Blog
Mortar and pestle with pills. Photo: Pixabay
Ed Finn | Medicare originated at the provincial, not federal level -- in Saskatchewan. So could the extension of public health care to include prescription drugs, and even dental and vision coverage.
Blog
Michael Butler | Health Canada finally acknowledged what health economists, academics and activists had been saying for some time: drug costs will rise under pending trade deals like the TPP.
Blog
Image: Wikimedia Commons
Michael Butler | It came as a major disappointment this week that Canada's Health Minister, Jane Philpott, indicated pharmacare is not part of her mandate.
Blog
Photo: Tanya/flickr
Stephen Kimber | Since we've been talking about seniors' pharmacare, perhaps it's time to change the modifier and resume a longstanding conversation about universal pharmacare.
Blog
Photo: Council of Canadians
Brent Patterson | It would appear that a Canada Health Accord is back on the table with incoming Prime Minister Justin Trudeau. But what will it look like under Canada's new prime minister?
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Michael Butler | For Canadians, the TPP is another poison pill trade deal that patients are being forced to swallow.
Columnists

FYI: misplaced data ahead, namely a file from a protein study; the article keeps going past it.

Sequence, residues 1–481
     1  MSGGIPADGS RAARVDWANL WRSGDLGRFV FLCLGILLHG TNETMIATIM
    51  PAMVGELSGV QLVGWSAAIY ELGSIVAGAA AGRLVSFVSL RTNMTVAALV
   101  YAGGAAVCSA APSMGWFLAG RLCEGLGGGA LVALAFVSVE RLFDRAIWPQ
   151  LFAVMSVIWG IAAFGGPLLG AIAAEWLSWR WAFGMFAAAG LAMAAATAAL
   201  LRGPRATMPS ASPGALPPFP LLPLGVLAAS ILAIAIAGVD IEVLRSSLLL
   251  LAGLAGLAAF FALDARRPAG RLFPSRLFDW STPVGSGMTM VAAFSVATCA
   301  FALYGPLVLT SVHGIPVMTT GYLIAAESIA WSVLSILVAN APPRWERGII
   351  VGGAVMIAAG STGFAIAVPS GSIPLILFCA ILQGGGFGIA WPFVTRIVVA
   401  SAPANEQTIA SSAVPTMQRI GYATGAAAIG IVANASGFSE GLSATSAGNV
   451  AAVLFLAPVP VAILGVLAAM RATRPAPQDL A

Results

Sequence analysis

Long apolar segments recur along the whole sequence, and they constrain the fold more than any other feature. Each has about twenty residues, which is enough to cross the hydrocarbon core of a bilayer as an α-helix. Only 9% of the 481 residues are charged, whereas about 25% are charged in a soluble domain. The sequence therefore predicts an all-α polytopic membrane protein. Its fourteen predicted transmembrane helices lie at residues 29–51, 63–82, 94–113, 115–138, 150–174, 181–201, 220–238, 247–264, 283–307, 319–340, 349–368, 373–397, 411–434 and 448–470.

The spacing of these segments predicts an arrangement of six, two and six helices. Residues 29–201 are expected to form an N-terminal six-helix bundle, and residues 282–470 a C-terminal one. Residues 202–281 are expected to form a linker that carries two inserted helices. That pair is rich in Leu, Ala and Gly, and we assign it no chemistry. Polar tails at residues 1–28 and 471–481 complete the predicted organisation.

Murray Dobbin | The Harper government is more at odds with Canadians over public health care than they are on any other issue. And pharmacare demonstrates this in spades.
Blog
Brent Patterson | While universal pharmacare makes sense, the Canada-European Union Comprehensive Economic and Trade Agreement (CETA) does not.
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Michael Butler | Now more than ever we need to tell our provincial governments to say no to CETA and yes to Universal Pharmacare.
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Photo: Brian Herzog/flickr
Adrienne Silnicki | Senator Mike Duffy and Pamela Wallin made headlines these past two weeks asking the Prime Minister to keep them on the Senate so they could afford their prescription drugs.
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Photo: RambergMediaImages/flickr
Vanessa Brcic | Given pharmaceutical industry bias that saturates our information sources, physicians and governments need organizations like the Therapeutics Initiative to make safe decisions about pharmaceuticals.
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Photo: e-MagineArt.com/Flickr
Adrienne Silnicki | Canada is the only developed country that has a universal health-care system but doesn't cover prescription drugs.